The main difference I noted was that there appears to be a much higher emphasis on the decoration and show value of the line as you walk through the lobby, his study, and numerous trophy/artifact storerooms, and much less emphasis on the actual drop. Anyone looking for the same thrill value found in the WDW or CA versions would likely be disappointed, however anyone who typically felt those rides were too intense could easily enjoy this version.

It had begun to rain somewhat by now, so we soggily made our way to the most dramatic of all the lands, Mysterious Island. Set in sort of a Jules Verne era of exploration, it contains two of the more popular rides of the park, Journey to the Center of the Earth, and 20,000 Leagues Under the Sea.

The queue for 20k Leagues Under the Sea

In both rides, you start out plumbing the depths of each respective media in vehicles designed by Captain Nemo--what could go wrong? They are each immensely enjoyable and understandable despite being almost entirely in Japanese. The only difficulty I see with them is that the ride vehicles are rather small and in the case of 20k Leagues you actually have to practically crawl in back of the other people in the pod in order to reach your bench. The windows are, as with everything in Japan, rather low to the ground so it's hard to imagine that really tall people would not have to stoop down for the duration of the ride.

By this time, the NFFC luncheon at Magellan's was taking place. Magellan is a restaurant in the Fortress Exploration area which incorporates multiple Spanish fortress architectural elements to make up a center for exploration in the Galileo era. The food was excellent and was topped off by a great talk by Dennis Tanida, an Imagineer and NFFC member who worked on the Fortress and the beautiful Spanish galleon attached to it.

Magellan's at Tokyo Disney Sea

Part of the amazing decor inside Magellan's at Tokyo Disney Sea

Subsequently we staggered over to the Lost River Delta area, themed after the jungles of Central America and rode Raging Spirits--a ride about the same size as Primeval Whirl, but with the distinction of having a 360-degree loop.

Raging Spirits at Tokyo Disney Sea

Of interest, they are so afraid things will fall off of you, they offer free 3-hour lockers outside the ride for your belongings. I'm not sure they have too much to worry about, as the ride seems to go so slowly, compared with all the other coasters of its ilk, that it seems as though you have time to reach out and grab anything that falls.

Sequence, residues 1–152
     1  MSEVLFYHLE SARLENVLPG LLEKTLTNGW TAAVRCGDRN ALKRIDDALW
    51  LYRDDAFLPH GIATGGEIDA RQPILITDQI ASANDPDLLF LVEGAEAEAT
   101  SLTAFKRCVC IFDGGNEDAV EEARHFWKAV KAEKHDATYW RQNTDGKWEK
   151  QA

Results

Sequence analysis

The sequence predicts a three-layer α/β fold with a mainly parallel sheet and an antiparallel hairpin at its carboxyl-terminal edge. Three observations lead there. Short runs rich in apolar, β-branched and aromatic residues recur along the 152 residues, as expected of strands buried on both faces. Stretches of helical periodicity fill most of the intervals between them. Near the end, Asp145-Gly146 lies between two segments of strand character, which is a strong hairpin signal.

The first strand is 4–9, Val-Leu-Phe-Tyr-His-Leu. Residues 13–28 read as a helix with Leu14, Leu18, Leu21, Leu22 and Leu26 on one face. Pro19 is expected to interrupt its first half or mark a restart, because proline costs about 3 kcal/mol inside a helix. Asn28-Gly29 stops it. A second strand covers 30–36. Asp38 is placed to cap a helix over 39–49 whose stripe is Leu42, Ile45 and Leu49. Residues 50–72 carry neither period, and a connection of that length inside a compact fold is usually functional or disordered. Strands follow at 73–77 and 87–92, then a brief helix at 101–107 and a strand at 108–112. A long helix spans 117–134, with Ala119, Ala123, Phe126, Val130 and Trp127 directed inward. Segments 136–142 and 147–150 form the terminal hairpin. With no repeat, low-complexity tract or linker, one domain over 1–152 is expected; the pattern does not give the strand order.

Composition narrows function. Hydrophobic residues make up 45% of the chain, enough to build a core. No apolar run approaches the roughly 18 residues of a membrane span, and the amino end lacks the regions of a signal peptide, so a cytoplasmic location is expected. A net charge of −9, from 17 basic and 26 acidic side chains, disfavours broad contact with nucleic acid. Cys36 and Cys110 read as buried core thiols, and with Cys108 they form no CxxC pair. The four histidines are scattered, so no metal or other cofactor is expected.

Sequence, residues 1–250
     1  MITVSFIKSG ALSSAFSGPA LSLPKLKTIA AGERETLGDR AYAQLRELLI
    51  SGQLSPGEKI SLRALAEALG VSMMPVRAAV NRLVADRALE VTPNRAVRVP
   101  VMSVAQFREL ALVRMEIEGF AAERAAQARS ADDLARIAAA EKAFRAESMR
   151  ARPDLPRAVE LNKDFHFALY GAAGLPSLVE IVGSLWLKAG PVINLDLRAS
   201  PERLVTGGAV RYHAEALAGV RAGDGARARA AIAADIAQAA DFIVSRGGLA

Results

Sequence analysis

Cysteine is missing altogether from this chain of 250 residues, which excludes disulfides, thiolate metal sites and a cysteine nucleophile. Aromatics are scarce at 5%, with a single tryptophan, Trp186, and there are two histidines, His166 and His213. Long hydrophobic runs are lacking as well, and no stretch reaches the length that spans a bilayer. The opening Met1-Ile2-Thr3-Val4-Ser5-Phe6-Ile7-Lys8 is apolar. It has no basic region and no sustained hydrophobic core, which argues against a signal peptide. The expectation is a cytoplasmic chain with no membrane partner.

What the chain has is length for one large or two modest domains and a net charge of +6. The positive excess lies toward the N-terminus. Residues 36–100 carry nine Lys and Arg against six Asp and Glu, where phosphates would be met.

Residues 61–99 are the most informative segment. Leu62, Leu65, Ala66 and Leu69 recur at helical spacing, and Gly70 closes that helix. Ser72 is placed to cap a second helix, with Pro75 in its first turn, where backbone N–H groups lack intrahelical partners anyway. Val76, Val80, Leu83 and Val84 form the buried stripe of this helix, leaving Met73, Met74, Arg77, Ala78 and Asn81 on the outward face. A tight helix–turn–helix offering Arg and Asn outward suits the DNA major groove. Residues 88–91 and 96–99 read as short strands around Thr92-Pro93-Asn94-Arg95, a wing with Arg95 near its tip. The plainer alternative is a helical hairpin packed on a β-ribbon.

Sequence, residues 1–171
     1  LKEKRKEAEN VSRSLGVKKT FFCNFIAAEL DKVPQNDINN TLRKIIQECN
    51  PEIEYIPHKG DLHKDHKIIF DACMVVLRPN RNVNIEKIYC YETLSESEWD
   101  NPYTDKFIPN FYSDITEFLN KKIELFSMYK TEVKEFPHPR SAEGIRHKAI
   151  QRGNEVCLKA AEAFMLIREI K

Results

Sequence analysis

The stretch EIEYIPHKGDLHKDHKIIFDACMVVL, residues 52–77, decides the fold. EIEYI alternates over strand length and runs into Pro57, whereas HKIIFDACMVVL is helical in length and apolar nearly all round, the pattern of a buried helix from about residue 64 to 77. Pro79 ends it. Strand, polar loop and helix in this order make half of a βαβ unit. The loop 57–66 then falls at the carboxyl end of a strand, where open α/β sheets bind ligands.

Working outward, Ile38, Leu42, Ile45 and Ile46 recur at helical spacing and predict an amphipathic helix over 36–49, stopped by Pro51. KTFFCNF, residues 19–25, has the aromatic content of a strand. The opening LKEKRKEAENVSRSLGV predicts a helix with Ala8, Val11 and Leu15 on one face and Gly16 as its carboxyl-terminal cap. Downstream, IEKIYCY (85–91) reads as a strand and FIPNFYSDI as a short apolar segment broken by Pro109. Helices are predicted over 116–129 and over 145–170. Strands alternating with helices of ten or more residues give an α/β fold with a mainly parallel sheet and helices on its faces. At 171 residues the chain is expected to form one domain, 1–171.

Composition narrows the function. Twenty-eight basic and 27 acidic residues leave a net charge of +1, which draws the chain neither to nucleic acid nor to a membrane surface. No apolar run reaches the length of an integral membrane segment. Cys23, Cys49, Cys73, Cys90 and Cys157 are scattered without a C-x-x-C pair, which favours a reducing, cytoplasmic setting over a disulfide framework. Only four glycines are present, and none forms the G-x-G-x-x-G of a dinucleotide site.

We went on to Indiana Jones Adventure: Temple of the Crystal Skull which is essentially the same ride as at DL, but with slightly different theming and effects. I would say the rides are about equivalent, although I am partial to the DL version out of hometown loyalty.

Indiana Jones Adventure: Temple of the Crystal Skull

At this point, it was time to make our way over to the Mediterranean Harbor to see the daily showing of The Legend of Mythica, their big water show. It's hard to describe it as, unlike the rides, the storyline does escape you a little if you don't know Japanese.

Legends of Mythica

The only thing you can imagine is that someone decided to throw everything anyone might like to see in a show together into one glorious spectacular. There's singing, dancing, characters, floats, fire effect, water effects, drumming, jet skis, kites, fireworks, and more. There must be a phenomenal number of CMs working on this one show, and it all goes to form an extravaganza that's unlikely to be matched in any US park.


Mickey and Mythica

Subsequently we went around picking up a number of smaller attractions around the park until it was time for the second big water show, the nighttime production BraviSEAmo! I believe it's supposed to be a romance of sorts, between a water spirit and a fire spirit, and it works out about as well as you'd think. The production itself is excellent and I could only advise getting there early enough to get a decent viewing point.

BraviSEAmo! Water spirit

BraviSEAmo! Fire spirit

After a long day at the park, we managed to catch the monorail to Ikspiari for a couple of bowls of tempura udon, and then back to the hotel.